Logic is a sure way of finding the relationship between a set of statements.
For example, if I know that my cat is fuzzy, and fuzzy cats always shed, then I also “know” that my cat will shed. This may seem obvious, but only because the example is simple.
Put another way, the sentence “my cat will shed” is implicit, given the first two sentences “my cat is fuzzy” and “fuzzy cats always shed”.
In a way, it’s hidden there; it’s between the lines; it’s really there, you just can’t see it yet.
Logic is a light, that can shine into the darkness between statements. It can root out hidden conclusions with perfect accuracy, because that’s what it does. Assuming your initial sentences make sense, logic will find any hidden sentences that also make sense.
How can this be? It works because logic relies on the special meaning of words like “always”, “sometimes” and “never”. These words – when spoken accurately – contain very potent pieces of information.
For example, if I say that I sometimes eat ice cream, you automatically know two things for certain:
- I have eaten ice cream before.
- I am not always engaged in eating ice cream. What you don’t know, is that:
- I will eat ice cream again.
- I also eat other things besides ice cream.
For many people, the statement “I sometimes eat ice cream” implies 1, 2, 3 and 4. But logic is very precise, and this precision is what allows it work. In logic, you only know that my statement means 1 and 2 – not 3 and 4 – because of the rigid definition of the word “sometimes”.
There are many special words and phrases (such as: always, never, at least once, sometimes, etc.), and different ways of building connections between them. Some are connections between if/then statements, and others look are derivations like the example of my cat being fuzzy.
Anyway, learning logic is basically a process of:
Learning what certain key words really mean.
For example, if I say, “All the women I’ve ever killed loved me very much”: I’m not actually admitting anything. Because the number of women I’ve killed is zero, so whatever I say about them is not false, because there is no counter-example. We say the set is “empty”.
Learning what correlations imply what.
If I say “all A is B” and “all B is C”, logic defines the result to be “all A is C”. This is syllogistic logic, of the “Barbara” form (you’re bound to run into that soon).
Learning how to evaluate an argument’s validity.
What if I’d ended my example above by saying, “All A is D”. How do you know it’s NOT true? The test of a correctly executed piece of logic is something to be learned. “Invalid” results, which are made to look “cogent”, but are really “specious”, are what we call “fallacies”.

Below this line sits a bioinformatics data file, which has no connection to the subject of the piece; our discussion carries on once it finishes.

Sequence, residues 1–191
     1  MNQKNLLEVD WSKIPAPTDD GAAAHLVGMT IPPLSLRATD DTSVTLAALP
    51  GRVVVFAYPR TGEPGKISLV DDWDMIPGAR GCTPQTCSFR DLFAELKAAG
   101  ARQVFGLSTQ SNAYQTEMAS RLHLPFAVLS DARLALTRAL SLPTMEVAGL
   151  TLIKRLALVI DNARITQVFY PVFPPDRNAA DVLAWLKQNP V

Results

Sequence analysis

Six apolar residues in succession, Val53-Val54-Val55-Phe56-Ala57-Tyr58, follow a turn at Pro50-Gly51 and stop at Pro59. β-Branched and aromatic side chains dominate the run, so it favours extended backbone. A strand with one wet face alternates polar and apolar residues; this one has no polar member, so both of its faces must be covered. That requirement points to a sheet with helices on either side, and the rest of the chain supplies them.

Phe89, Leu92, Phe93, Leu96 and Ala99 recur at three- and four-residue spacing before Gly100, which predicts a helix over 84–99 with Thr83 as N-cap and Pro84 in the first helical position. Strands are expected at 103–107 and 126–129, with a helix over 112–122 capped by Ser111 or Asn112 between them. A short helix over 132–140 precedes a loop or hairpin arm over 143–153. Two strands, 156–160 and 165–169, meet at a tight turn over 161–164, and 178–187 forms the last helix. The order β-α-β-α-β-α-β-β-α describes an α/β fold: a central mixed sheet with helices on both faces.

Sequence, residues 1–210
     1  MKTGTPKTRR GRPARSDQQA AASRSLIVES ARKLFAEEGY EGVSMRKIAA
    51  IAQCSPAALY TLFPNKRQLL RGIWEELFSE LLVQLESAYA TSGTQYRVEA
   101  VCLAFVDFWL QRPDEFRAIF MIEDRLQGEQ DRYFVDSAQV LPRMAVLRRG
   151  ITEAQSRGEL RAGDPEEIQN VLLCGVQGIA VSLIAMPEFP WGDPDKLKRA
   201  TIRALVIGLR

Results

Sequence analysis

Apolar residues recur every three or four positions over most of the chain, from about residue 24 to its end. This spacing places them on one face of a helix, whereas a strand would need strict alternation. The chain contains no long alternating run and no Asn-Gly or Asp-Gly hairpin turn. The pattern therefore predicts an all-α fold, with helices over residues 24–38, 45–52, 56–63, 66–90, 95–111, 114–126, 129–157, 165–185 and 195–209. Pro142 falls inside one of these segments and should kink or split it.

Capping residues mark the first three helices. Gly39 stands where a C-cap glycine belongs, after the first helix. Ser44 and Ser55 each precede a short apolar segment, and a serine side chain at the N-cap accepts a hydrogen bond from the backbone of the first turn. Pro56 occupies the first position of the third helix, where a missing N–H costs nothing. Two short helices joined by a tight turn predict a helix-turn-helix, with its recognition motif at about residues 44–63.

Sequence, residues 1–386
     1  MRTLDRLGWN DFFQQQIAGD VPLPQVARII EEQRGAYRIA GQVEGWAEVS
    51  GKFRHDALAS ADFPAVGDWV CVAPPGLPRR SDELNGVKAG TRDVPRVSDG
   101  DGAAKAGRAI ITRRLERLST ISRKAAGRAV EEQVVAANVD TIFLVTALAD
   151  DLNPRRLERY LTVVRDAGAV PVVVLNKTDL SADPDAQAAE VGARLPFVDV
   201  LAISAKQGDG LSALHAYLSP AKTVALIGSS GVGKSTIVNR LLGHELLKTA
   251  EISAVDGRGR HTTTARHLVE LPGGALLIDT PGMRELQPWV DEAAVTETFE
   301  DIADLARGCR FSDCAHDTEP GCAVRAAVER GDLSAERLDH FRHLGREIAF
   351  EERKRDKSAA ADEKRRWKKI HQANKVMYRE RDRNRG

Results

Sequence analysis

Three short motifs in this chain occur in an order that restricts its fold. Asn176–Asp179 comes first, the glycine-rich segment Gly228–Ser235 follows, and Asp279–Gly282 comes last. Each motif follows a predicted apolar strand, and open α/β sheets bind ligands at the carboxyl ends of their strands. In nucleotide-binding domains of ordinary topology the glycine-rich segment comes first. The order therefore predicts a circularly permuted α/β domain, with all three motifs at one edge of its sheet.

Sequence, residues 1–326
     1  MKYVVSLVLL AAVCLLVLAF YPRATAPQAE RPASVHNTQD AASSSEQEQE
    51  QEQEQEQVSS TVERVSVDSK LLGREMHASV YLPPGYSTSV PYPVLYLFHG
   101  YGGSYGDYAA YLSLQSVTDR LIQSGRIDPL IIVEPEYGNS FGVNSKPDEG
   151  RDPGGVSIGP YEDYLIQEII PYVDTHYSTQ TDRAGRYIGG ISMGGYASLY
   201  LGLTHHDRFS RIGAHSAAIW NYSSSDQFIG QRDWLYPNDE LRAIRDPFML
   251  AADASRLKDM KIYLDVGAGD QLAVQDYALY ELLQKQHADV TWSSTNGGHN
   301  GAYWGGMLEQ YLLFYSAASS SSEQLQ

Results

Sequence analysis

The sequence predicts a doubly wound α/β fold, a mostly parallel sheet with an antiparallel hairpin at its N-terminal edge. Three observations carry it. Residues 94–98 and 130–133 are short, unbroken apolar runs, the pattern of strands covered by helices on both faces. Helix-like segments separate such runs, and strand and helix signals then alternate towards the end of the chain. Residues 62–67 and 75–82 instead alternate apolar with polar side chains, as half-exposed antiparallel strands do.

Learning how to evaluate an argument’s worth.
A valid argument simply means the terms fit into place as they should. But do the terms themselves make sense? No one can dispute that my cat is fuzzy, but what if I were using logic with statements far more vague? How can I tell how much more vagueness has crept into my results?
Learning other types of associations.
In the statement, “If I go to the store, I will buy candy”, there is a piece of evidence, which you can link to other statements, such as, “If I buy candy, I will eat it”. You now have the ingredients necessary to derive a valid logical conclusion: “If I go to the store, it will result in my eating candy.”
And so on. Logic also gets into proofs (formal presentations of your logical derivations), using logic to manipulate symbolic terms, etc.
You will also find that logic is very close to mathematics, and in fact, there is a stage at which some mathematical symbols are even used. Math doesn’t deal with ideas such as “if/then”, but computer programming sure does. Logic is a fundamental tool for discerning unstated information from raw data. At this, it excels, and is one of the foundations of human knowledge.
There are many things it cannot do, however, as you’ve likely seen on this newsgroup. While it can derive conclusions from valid input, it cannot be used to prove the validity of that input. This would be like “asserting” that what you say is true because you say it. Logic can be applied in circular situations, where it likewise fails. It cannot derive meaning from meaningless statements. As a tool, it’s a wonderful thing, but it’s scope is limited. It has tremendous breadth of application in human life, but can go no deeper than its wielder’s eye.
This is my own poor summary of logic, from someone who finished only the first course. Most of what I understand today is derived from other understandings (pun fully intended). I hope it offers you something.